By John Charles
Cascade Policy Institute
Oregon owns 1.5 million acres of School Trust Lands that must be managed for the benefit of public education. When profits are earned, the money goes into the Common School Fund, an endowment. Last year, the Fund distributed more than $70 million to local schools.
The Trust Lands are managed by the State Land Board, comprised of the Governor, the State Treasurer, and the Secretary of State. By policy, they are supposed to sell money-losing lands and keep the profitable ones.
Unfortunately, they tend to do the opposite. At its April meeting, the Board voted to sell a 3-acre industrial parcel in Washington County. There was no compelling reason to sell, as the property had an internal rate of return of 8% since it was purchased in 2012.
The state also owns 74,000 acres of timberland within the Elliott State Forest, near Coos Bay. Earnings on the Elliott have been spiraling downwards since the 1990s. In 2013, it finally started losing money and is expected to continue doing so for the foreseeable future. These losses take money directly out of public school classrooms.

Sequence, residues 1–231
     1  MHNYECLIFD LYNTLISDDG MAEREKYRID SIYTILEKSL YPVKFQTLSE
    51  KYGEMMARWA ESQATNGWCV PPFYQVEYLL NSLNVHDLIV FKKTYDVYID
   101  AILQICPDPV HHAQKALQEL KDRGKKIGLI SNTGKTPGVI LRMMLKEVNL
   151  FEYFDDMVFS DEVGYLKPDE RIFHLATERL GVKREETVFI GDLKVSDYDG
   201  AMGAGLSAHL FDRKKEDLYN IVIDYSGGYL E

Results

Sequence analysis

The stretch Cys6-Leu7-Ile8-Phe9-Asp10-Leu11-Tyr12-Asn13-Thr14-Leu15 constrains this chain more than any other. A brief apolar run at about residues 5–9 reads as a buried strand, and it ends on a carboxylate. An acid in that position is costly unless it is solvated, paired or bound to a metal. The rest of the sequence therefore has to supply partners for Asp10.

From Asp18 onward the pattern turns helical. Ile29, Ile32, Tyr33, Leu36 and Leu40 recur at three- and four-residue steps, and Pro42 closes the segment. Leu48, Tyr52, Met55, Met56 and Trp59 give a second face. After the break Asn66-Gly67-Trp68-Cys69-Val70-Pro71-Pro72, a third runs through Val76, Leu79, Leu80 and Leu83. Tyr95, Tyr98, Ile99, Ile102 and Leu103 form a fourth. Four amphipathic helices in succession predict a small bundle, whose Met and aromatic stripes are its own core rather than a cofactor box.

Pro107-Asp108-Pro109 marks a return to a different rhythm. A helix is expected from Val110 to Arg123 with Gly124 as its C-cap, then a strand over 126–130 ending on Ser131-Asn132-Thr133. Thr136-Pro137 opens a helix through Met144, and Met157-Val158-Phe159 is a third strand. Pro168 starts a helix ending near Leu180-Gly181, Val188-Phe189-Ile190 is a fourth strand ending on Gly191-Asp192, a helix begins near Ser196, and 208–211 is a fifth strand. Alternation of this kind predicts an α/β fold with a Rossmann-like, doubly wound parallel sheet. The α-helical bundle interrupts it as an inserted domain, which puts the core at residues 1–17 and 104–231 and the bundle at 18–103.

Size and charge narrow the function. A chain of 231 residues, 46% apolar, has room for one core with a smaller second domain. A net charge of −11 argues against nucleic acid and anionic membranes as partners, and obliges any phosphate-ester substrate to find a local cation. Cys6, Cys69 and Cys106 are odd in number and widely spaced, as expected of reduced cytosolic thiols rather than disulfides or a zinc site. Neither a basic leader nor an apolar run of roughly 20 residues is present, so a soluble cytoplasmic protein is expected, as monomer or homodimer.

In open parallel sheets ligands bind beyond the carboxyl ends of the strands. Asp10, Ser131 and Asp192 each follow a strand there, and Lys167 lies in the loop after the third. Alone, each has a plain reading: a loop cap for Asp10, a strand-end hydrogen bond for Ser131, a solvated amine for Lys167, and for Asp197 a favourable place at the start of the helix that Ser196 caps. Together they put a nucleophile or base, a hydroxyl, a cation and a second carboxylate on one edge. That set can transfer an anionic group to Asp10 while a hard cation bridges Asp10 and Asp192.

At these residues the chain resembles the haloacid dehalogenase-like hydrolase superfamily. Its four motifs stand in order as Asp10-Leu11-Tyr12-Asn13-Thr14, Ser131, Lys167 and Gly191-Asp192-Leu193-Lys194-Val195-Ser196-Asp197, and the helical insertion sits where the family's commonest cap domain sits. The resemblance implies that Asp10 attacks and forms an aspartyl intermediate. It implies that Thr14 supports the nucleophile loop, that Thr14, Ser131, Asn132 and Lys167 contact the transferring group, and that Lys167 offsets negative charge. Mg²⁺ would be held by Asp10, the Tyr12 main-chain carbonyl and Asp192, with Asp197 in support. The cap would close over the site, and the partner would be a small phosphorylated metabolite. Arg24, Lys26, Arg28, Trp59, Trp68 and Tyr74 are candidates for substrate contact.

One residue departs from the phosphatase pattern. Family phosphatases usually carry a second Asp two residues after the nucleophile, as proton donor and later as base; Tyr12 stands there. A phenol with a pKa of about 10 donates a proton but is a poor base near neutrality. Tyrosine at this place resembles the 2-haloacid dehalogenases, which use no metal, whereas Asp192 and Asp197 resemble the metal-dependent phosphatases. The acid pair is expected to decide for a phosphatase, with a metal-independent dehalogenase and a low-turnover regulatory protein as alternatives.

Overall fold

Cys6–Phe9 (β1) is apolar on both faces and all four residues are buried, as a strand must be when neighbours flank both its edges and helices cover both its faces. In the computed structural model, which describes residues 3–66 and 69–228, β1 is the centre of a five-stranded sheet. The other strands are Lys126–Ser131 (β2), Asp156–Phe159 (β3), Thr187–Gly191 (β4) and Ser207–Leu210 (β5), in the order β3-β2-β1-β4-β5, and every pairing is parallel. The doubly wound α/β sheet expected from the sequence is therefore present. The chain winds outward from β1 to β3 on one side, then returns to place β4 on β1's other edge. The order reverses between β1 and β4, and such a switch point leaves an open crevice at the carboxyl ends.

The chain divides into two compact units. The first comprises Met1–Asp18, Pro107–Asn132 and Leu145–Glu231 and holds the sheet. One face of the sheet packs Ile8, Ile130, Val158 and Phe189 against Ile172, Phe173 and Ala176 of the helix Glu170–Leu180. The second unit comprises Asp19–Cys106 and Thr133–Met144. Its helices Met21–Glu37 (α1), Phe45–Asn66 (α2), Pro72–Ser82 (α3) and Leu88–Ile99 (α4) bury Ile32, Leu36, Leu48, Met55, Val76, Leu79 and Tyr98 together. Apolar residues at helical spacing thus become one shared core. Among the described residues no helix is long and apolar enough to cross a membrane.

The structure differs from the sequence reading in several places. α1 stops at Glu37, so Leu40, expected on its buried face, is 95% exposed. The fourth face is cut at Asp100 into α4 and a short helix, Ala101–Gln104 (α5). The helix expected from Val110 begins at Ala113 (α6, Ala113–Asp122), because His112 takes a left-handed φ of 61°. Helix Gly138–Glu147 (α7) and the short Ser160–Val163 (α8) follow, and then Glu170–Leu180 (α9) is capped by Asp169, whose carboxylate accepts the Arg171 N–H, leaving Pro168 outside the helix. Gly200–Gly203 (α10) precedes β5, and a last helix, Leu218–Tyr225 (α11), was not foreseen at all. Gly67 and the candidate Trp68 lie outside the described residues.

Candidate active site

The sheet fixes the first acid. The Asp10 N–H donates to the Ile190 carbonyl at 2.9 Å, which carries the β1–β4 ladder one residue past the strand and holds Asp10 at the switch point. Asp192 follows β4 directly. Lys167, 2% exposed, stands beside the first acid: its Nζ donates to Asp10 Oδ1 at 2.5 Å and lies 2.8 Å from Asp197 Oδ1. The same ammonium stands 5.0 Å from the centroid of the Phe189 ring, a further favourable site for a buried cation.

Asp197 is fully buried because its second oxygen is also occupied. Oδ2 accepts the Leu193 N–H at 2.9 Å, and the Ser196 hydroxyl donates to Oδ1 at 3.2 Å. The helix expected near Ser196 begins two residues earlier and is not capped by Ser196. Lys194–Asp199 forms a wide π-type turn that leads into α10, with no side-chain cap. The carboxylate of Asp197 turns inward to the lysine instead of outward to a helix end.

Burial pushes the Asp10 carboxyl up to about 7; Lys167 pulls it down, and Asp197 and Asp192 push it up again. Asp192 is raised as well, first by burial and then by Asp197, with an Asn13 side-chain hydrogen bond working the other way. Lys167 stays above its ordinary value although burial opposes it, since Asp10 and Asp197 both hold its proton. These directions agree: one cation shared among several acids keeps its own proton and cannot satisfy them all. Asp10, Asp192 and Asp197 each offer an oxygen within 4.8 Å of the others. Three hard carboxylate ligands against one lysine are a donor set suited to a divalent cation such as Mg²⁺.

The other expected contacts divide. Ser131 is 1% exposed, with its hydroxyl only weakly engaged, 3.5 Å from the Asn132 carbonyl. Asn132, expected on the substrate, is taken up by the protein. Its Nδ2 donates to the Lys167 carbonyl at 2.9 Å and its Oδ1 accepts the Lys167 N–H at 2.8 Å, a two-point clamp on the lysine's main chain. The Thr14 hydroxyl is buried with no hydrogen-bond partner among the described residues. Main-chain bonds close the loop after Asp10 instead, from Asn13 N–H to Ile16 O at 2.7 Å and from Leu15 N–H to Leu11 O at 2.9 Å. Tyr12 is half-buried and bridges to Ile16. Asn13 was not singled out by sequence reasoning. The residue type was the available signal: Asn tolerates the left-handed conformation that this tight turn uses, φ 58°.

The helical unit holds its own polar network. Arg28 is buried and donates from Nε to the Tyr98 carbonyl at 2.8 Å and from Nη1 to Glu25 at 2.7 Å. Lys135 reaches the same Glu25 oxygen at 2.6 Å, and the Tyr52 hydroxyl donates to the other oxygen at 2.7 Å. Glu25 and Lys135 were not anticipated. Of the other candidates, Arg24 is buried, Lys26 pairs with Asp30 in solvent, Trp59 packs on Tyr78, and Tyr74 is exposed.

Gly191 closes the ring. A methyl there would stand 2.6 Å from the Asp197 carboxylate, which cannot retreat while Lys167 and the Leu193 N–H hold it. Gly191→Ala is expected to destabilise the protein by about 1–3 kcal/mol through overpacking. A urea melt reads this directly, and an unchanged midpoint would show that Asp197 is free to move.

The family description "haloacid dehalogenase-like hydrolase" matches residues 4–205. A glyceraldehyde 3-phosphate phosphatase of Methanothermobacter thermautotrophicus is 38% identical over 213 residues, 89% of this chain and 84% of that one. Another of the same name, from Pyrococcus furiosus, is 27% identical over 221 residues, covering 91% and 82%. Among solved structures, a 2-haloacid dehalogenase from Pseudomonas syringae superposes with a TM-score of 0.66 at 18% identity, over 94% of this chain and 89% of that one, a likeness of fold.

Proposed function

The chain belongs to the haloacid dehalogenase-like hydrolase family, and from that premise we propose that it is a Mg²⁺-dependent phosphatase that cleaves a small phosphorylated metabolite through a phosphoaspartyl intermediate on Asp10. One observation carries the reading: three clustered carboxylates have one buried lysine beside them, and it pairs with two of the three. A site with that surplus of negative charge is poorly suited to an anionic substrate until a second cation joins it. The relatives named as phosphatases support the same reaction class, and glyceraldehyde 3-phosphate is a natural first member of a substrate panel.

In November 2016, the Board received an all-cash offer of $221 million dollars for the Elliott from a consortium of private landowners and tribal nations. That offer was rejected last year.
Students deserve professional management of their assets. They will never get it from the State Land Board because it’s made up of politicians. It’s time to amend the Oregon Constitution to remove trust land management from the Board’s jurisdiction.
John A. Charles, Jr. is President and CEO of Cascade Policy Institute, Oregon’s free market public policy research organization.
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